Where we want to see a bridge for understanding, the Cuban government would rather see the formation of a political lobby to achieve access to the American market.
All of this poses a serious political challenge, and also moral one, to those who decide to participate in this meeting with a pre-set agenda.
The Cuban government is going to expand participation to people other than the members of those associations adopted by Cuban embassies. It needs to. But these will be momentary acts of cooptation that do not imply qualitative change, only a utilitarian extension of the fingerboard.
Those who agree to participate, from my point of view, are not crossing an ethical Rubicon, nor are they turning into un-presentable politicians. But if one attends, they should know that they will be legitimizing a process that won’t lead to normalization but to the perpetuation of separation, ostracism and exploitation of emigrants by a parasitic and authoritarian state.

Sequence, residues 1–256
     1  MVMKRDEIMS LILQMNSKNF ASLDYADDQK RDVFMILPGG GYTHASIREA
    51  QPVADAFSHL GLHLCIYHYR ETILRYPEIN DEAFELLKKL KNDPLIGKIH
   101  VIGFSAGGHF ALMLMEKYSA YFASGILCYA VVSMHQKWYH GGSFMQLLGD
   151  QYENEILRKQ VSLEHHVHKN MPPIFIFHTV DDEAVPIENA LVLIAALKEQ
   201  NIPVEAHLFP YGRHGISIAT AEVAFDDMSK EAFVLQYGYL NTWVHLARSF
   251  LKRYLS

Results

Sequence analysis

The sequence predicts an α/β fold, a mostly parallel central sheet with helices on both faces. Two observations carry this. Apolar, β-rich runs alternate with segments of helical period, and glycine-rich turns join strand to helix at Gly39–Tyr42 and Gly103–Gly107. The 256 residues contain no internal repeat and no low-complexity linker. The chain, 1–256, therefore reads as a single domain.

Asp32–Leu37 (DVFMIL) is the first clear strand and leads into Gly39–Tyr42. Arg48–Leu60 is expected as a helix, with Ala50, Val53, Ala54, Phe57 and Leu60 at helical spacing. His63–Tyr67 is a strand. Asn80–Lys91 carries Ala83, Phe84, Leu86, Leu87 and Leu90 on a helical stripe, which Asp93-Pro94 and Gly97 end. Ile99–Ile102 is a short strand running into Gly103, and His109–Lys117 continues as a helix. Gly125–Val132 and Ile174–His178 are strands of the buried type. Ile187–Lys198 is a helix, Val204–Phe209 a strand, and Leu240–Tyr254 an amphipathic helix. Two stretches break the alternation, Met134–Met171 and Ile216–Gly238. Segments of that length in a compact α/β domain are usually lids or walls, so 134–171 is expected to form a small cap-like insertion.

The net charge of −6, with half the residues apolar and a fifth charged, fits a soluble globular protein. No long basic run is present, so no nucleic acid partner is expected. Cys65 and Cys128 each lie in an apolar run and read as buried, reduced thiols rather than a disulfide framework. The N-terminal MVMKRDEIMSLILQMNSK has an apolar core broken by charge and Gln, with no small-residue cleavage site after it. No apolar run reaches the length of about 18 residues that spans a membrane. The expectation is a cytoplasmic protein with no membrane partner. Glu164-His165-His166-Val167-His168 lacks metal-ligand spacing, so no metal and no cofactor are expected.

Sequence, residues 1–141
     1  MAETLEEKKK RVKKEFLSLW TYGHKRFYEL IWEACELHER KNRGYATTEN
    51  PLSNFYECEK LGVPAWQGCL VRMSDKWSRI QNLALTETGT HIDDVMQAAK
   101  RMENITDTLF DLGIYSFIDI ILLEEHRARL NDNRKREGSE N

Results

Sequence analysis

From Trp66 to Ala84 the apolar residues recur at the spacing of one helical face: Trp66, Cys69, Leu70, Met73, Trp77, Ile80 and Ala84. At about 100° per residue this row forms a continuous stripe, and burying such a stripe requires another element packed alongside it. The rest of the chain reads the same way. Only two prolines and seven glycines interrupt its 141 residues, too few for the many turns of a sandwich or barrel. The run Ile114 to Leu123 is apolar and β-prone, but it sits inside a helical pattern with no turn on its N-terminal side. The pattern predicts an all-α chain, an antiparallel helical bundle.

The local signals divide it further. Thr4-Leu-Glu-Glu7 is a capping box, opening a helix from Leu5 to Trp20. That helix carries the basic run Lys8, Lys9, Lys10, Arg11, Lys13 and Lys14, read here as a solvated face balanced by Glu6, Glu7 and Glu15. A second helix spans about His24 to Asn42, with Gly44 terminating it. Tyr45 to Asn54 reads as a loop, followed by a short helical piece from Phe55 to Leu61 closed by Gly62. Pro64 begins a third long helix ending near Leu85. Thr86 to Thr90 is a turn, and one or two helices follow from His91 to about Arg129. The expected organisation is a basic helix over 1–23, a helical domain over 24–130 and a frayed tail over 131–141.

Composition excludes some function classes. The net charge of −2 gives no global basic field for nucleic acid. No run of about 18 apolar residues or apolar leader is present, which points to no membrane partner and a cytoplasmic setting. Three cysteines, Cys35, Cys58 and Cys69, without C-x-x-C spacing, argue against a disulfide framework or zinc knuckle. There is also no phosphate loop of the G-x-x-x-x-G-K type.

They should know, no matter what their present intentions, that they are legitimizing discrimination.
If the Cuban government really wants to do something different it should give up control over the composition of this meeting, open up the agenda for discussion and finally promise some type of mechanism that links the meeting’s agreements and state’s policies to be adopted.
We must demand this through all through the means we have.
I repeat what I said before: Either we direct our actions and demands above the scaffolding, or we will end up — despite our intentions — propping it up.
(*) Originally published in Spanish by Cubaencuentro.com.